Research Workshop Report - What's Digital about Fashion Design? / by Mary Jane Edwards

FIRE and AAM collaborated to explore how technology is used within the designer fashion community. We wanted to identify how traditional fashion design is being transformed by digital technology, and to see how willing designers are to adopt new digital methods and models.


We invited established fashion and textile designers, academics and industry experts to take part in a workshop, and asked them to interrogate the question ‘What’s Digital about Fashion Design?’. We wanted the workshop to be a space where industry professionals could discuss how the fashion industry currently operates within the digital economy, and discover where opportunities for new models in both product and business development could come from. Here’s what we found.

“The fashion industry likes how it works, it has an entrenched way of operating – the seasonality is very difficult to change.”

The first theme that emerged was The Challenge to Tradition. We deconstructed the traditional fashion design cycle and questioned how the transition from wholesale to direct consumer retail is changing fashion design. It was agreed that whilst digital activity is mainly focused on sales, there is an unexplored opportunity to introduce digital in the earlier stages of the design process, which could have the potential to transform both a designer’s practice and business. We acknowledged that while it is important to challenge fashion traditions, we didn’t want see digital entirely replace craft methodologies, but to be integrated in a way that would enhance a designer's practice and raison d'être.

“Digital technology obviously isn’t going to be a replacement for craft-based design practices, it should be more about how it can enhance what I want to achieve.”

Our second theme outcome, Digital and the Design Process, challenged the potential of digital interventions to help save time and costs in day-to-day processes. It is a well known fact that fashion designers are time-poor, fast-paced, and on a tight budget, and these concerns were strongly shared at our workshop. Conversations explored how designers could potentially invest more time and money into creative research and development processes if physical overhead costs were cut and replaced with digital services.

“What does it mean to embed digital into operations for the designer fashion community? Especially when you no longer need a physical store?”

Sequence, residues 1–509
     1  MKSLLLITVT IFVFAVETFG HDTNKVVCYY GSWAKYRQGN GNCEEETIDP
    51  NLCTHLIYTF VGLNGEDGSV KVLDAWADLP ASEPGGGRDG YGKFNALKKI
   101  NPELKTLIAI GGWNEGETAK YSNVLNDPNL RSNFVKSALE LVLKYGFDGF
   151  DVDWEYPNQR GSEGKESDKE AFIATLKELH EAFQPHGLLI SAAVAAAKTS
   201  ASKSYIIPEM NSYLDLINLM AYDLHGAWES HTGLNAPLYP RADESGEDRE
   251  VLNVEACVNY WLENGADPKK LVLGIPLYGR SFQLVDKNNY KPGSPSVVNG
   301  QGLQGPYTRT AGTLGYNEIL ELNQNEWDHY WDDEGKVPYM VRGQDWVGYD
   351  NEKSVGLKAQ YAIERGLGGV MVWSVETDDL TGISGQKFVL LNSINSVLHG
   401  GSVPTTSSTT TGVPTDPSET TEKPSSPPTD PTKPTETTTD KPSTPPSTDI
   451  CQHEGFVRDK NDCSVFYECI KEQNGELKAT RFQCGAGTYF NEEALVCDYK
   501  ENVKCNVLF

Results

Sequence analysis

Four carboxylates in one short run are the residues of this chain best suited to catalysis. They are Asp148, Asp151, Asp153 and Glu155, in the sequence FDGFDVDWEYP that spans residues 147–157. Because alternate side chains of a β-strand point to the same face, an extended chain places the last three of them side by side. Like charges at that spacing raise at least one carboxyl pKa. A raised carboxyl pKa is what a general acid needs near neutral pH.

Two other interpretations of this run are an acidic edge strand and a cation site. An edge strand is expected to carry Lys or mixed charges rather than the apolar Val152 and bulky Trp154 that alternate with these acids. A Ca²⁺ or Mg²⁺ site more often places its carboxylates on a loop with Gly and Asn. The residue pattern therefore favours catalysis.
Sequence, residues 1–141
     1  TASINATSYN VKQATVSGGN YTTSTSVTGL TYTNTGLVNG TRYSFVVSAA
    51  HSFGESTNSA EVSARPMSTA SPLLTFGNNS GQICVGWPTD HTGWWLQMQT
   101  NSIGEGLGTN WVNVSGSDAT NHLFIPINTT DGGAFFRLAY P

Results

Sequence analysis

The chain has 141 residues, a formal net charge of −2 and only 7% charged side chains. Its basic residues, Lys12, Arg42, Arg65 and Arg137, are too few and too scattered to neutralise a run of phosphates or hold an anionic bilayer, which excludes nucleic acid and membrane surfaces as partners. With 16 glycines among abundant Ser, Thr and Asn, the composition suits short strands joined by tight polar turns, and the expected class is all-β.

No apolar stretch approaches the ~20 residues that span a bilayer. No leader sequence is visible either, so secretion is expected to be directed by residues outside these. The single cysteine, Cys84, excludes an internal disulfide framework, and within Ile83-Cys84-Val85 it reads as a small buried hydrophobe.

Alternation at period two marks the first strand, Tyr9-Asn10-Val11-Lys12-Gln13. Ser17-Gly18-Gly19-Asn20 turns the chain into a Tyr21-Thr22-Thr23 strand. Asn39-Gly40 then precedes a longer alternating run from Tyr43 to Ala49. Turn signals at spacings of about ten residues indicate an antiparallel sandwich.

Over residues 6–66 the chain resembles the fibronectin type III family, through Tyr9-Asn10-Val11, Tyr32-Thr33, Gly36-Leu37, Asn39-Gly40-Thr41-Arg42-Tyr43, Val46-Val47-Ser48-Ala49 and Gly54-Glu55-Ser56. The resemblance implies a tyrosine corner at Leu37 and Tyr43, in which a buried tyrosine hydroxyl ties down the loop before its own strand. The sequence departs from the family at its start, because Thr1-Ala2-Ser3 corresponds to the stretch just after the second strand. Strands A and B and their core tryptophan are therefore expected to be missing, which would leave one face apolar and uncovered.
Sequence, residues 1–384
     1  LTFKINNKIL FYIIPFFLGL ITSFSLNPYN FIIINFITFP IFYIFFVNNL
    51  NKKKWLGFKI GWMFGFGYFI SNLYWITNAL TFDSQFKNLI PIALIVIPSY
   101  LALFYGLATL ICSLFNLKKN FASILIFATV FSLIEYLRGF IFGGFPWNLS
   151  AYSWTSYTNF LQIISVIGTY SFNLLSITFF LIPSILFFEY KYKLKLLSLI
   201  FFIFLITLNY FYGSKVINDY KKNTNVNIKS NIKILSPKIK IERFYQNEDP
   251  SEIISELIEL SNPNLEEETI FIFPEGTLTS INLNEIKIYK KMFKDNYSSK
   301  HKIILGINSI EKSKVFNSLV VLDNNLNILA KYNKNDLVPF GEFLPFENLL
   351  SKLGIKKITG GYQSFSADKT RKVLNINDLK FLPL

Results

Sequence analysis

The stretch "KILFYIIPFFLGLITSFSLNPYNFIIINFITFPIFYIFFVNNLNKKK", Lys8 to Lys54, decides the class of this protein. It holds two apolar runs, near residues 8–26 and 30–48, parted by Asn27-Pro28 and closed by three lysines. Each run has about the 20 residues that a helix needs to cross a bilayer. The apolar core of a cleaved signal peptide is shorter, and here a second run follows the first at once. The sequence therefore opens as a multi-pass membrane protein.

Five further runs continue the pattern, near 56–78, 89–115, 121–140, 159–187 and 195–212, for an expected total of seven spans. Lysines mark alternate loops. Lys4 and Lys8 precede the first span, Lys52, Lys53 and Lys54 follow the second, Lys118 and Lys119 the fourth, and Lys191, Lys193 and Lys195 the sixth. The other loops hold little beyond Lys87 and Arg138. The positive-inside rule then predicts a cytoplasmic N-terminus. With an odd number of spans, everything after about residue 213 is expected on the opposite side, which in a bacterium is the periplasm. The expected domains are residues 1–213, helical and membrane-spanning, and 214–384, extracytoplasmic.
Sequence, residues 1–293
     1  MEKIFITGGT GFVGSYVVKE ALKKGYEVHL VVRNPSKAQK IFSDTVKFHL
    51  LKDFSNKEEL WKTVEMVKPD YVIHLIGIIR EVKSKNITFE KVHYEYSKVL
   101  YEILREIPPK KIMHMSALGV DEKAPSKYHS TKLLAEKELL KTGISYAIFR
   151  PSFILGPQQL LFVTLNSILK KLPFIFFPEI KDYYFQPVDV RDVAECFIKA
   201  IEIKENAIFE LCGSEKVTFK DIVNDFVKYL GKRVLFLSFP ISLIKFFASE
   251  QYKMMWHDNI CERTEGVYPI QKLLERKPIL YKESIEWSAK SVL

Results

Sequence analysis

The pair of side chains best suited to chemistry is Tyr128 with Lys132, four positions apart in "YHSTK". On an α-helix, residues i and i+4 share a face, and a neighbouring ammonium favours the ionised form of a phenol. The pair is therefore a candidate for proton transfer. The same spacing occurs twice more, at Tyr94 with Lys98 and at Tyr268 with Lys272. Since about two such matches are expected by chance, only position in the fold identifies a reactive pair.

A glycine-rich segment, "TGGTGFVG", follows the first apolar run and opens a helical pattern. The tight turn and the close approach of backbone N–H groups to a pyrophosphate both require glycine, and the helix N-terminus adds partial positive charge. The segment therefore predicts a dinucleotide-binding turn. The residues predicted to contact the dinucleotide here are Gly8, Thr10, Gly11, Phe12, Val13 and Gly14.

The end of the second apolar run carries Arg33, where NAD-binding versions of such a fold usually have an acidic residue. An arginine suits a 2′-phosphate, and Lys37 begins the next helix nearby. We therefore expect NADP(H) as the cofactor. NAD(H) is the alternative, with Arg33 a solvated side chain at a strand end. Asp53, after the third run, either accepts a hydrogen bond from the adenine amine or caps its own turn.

The idea of removing the physical store was just one proposed solution, and by all means not for everyone. However, by removing the high cost of company stores, designers would be able to embark on new journeys and perhaps bring in new team members such as consultants and developers. Replacing the physical with digital would greatly affect budgets and free up spending for embedding digital into day-to-day operations. The thought of this seemed fairly plausible and exciting!

“We need to collaborate, open research that is the only way things will change and designers will start to define their place in the digital economy.”

We discussed how collaborations between fashion, technology and manufacturing are needed to successfully integrate technology into design and process, and how the potential to house designers and tech start-ups in the same building might organically spark these types of collaborations and knowledge sharing. We speculated about a more ‘start-up’ culture in fashion, borrowing working practices from the entrepreneurial tech industry who, unlike fashion designers, are not wedded to the traditional fashion design cycle and are seen to be driving the development of new revenue models.

Developing new models was our final theme. By the end of the workshop we felt that fashion designers were considered to be in a unique position, with specialist knowledge and understanding of design to help shape developments in digital technology. There was a shared cautiousness about adopting digital business operations as there is a lack of prevalent technology in fashion supporting the transformation. We are still left with the question as to what extent digital engagement could be integrated into the entire product development lifecycle within the present fast-paced business and slow cash flow models.

“There’s a lot of ‘We know digital is important, but…’- Not many designers are able to invest time, energy and money in understanding what digital services would work for them. They’re too busy getting ready for the next season!”

Our workshop felt like just the beginning of questioning, understanding and breaking down the barriers and exploring opportunities for new models of practice with digital technologies during this period of significant growth in the digital economy. Digital will continue to play an increasingly important part of our lives and the workshop showed how willing the SME designer community is to use technology to serve both the design process and product and business model development.

Below is a link to our report, which goes into our research in a lot more detail.


F.I.R.E and AAM funded by NEMODE Network+ (New Economic Models for the Digital Economy). 

Gabrielle Miller, Mary Jane Edwards, Prof. Sandy Black